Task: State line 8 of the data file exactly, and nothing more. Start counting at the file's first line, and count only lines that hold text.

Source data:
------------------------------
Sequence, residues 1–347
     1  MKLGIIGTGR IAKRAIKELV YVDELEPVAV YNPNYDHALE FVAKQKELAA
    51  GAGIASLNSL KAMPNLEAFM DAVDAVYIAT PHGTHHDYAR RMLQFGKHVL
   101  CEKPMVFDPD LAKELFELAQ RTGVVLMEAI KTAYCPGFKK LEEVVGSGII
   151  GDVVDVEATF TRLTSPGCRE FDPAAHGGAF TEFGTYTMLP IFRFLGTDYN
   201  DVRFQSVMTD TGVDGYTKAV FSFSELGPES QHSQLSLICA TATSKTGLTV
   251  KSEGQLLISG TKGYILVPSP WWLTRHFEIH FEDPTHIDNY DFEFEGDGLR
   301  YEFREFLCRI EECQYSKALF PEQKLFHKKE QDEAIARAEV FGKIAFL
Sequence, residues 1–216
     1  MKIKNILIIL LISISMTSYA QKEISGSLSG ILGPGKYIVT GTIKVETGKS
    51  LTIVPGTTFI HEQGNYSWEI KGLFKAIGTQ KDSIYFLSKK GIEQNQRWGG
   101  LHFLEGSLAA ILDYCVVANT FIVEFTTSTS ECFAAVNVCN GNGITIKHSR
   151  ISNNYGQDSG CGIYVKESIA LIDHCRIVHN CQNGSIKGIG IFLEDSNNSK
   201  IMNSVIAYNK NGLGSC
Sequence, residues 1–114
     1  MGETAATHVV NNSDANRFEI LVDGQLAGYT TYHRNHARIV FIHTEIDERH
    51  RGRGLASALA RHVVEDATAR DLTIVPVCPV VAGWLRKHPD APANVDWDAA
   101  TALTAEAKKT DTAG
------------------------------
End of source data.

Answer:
   301  YEFREFLCRI EECQYSKALF PEQKLFHKKE QDEAIARAEV FGKIAFL